Over the past few months, Steve McQueen’s film 12 Years a Slave has reinvigorated a public conversation about the history of slavery in the United States. The film is probably the best cinematic representation of the complexity and brutality embedded in the North American slave system. The film recounts the real-life experiences of Solomon Northrup, a free Black man kidnapped into slavery for 12 years in 1841. Prior to the film, many, if not most, Americans were unaware of the abduction of free African Americans in the North. However, the kidnapping of free Blacks happened regularly enough that it posed a significant threat to the security of free Black communities, including ones in the South. According to Carol Wilson, free Blacks living in Pennsylvania, and Delaware, states bordering Maryland, faced the most danger. The proximity of these regions to the Mason-Dixon line facilitated kidnappers’ transportation of their victims to southern farms, plantations and urban centers. 1
While much has been made of the kidnapping of Solomon Northrup, the kidnapping of free Black children occurred more often than the abduction of free Black adults. Children were particularly vulnerable to kidnappers or “man-stealers” as they were easier to take than adults. 2 Children were less likely to have freedom papers on their person. Children also lacked the credibility of adults, even Black ones, and had a more difficult time convincing others of their free status. Children bound out to employers to contribute to the household income were often taken. Instead of releasing children back to their parents at the end of their labor agreement, some employers sold the children into slavery. Employers such as these took advantage of African American families and children made vulnerable because of poverty and their tenuous status as free Blacks. 3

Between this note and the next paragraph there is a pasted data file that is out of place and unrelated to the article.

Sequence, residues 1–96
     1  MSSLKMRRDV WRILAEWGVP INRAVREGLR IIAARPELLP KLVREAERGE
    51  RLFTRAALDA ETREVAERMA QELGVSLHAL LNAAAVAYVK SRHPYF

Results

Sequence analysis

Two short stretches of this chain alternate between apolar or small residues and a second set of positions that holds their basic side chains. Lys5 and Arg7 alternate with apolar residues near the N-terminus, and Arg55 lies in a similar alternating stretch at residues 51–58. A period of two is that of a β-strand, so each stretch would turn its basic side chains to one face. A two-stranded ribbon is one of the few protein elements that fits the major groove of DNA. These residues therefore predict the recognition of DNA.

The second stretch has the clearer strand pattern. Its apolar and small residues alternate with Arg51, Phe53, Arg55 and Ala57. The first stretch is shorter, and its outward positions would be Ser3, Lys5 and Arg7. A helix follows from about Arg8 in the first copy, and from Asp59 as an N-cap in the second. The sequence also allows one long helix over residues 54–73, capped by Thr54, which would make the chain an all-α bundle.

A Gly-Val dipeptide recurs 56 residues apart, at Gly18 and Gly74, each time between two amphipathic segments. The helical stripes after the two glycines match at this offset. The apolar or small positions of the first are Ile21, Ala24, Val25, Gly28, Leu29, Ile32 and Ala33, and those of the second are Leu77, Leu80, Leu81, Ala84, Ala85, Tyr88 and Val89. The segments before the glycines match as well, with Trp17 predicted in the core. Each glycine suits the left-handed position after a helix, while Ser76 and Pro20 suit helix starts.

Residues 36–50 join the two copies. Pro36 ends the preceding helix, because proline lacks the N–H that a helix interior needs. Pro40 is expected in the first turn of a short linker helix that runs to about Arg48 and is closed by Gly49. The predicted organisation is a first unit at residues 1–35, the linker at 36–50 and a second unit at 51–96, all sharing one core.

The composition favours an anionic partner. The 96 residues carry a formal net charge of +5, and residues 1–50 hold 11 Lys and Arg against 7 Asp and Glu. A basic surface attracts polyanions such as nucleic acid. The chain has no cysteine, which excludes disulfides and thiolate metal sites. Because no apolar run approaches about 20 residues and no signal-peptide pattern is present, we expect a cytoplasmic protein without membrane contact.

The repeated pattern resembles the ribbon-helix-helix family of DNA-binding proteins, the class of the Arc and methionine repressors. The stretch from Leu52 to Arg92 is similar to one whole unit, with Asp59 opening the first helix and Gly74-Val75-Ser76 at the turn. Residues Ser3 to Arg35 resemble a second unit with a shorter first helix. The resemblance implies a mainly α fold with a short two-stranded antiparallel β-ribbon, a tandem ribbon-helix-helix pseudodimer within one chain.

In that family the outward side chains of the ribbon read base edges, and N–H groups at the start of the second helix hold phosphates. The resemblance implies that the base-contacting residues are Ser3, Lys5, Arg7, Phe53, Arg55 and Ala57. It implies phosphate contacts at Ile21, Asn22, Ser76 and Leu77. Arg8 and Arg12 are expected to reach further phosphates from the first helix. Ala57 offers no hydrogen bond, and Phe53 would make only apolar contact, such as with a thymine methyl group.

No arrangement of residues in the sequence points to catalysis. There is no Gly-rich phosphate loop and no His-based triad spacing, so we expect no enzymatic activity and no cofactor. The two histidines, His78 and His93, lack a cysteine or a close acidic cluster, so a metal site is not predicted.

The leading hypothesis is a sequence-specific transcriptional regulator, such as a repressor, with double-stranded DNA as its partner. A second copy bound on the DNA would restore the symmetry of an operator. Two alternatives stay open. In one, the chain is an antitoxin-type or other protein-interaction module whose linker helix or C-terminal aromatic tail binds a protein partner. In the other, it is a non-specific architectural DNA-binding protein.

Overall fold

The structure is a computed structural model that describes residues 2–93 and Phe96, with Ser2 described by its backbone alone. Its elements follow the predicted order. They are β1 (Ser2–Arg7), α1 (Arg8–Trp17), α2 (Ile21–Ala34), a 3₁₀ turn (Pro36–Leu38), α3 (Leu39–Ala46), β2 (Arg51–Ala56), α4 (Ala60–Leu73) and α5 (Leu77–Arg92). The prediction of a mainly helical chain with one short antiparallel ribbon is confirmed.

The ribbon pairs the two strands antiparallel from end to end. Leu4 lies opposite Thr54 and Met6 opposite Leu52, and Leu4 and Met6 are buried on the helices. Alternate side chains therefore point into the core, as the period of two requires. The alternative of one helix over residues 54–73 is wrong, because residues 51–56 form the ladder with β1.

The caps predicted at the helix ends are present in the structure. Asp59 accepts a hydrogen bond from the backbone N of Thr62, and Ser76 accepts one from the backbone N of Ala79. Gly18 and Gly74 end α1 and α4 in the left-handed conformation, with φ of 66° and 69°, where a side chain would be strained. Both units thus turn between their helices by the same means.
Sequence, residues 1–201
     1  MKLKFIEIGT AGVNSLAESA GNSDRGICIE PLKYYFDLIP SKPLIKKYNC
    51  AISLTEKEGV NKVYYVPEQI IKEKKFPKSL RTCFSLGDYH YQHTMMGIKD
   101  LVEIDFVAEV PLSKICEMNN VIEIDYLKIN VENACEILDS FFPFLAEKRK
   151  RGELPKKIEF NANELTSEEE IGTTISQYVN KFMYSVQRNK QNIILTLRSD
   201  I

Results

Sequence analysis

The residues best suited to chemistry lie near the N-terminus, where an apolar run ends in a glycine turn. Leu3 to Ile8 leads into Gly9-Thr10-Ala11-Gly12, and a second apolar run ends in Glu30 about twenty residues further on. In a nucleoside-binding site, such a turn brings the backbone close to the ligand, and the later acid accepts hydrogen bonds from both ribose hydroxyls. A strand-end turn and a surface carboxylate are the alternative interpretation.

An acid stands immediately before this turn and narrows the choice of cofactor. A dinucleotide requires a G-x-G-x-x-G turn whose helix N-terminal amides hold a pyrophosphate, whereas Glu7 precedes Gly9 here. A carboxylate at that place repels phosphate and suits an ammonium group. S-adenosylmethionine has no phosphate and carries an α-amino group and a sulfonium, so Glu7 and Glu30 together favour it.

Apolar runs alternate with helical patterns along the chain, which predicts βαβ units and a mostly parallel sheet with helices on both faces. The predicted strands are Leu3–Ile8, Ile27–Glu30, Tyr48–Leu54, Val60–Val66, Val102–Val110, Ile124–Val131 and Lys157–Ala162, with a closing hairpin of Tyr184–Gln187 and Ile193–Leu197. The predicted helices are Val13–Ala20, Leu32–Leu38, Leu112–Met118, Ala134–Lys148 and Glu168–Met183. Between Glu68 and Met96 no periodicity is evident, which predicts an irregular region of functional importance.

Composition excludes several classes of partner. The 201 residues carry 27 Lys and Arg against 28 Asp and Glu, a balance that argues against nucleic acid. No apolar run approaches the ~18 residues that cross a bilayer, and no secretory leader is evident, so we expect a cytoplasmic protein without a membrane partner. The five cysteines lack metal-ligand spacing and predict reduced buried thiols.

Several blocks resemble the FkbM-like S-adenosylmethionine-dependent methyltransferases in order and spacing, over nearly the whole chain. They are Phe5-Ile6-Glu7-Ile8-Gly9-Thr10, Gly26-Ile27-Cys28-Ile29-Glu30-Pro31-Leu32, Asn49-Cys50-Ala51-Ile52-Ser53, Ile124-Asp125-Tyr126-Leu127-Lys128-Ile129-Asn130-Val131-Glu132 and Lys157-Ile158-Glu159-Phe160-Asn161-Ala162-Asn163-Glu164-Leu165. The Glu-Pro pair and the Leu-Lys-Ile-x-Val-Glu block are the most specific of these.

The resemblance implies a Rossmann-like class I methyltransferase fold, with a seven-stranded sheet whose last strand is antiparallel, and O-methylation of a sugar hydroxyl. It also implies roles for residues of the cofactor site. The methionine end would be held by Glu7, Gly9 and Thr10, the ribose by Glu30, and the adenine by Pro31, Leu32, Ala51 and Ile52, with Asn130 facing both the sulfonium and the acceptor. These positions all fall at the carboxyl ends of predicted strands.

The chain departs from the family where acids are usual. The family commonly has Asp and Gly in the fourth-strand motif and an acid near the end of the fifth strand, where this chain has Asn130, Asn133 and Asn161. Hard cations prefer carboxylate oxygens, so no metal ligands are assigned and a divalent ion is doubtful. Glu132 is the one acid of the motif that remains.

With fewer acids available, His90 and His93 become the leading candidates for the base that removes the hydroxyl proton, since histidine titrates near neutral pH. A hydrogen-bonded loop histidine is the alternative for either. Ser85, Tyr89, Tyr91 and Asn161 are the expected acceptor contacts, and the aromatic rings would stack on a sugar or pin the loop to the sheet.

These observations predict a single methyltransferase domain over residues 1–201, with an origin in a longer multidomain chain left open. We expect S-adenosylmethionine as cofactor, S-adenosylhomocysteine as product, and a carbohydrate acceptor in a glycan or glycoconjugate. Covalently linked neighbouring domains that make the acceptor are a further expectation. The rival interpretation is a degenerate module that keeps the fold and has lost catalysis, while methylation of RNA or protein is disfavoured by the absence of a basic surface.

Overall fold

Once sold into slavery, children often encountered physical (including sexual) and mental abuse at the hands of owners. Many of the children abducted into slavery grew up as slaves and never knew freedom again or were eventually emancipated as a result of the Civil War. Frankie Hutton has described free Black children as the “ultimate outsiders.” Disportionately orphaned and impoverished, many free Black children’s lives were made exponentially worse as victims of attempted and successful kidnappings. 4
McQueen slightly touches on the plight of children in 12 Years a Slave. Solomon meets Randall, the young son of Eliza, a slave woman who had been sold into slavery by her master’s (also her lover) angry daughter, in the slave pen where he is being held in Washington, DC. We see Randall calling for his mother and Solomon whispering harshly to him to be quiet, fearing physical reprisal for both himself and Randall. Although we only see Randall briefly in the film (he is later shown jumping at the behest of a slave dealer to demonstrate his health and vigor to a prospective buyer and then being separated from her mother as she is purchased), he and his sister’s image ask us to critically reflect on the lives of free Black children. The Antebellum Black Press offers one of the best opportunities do this.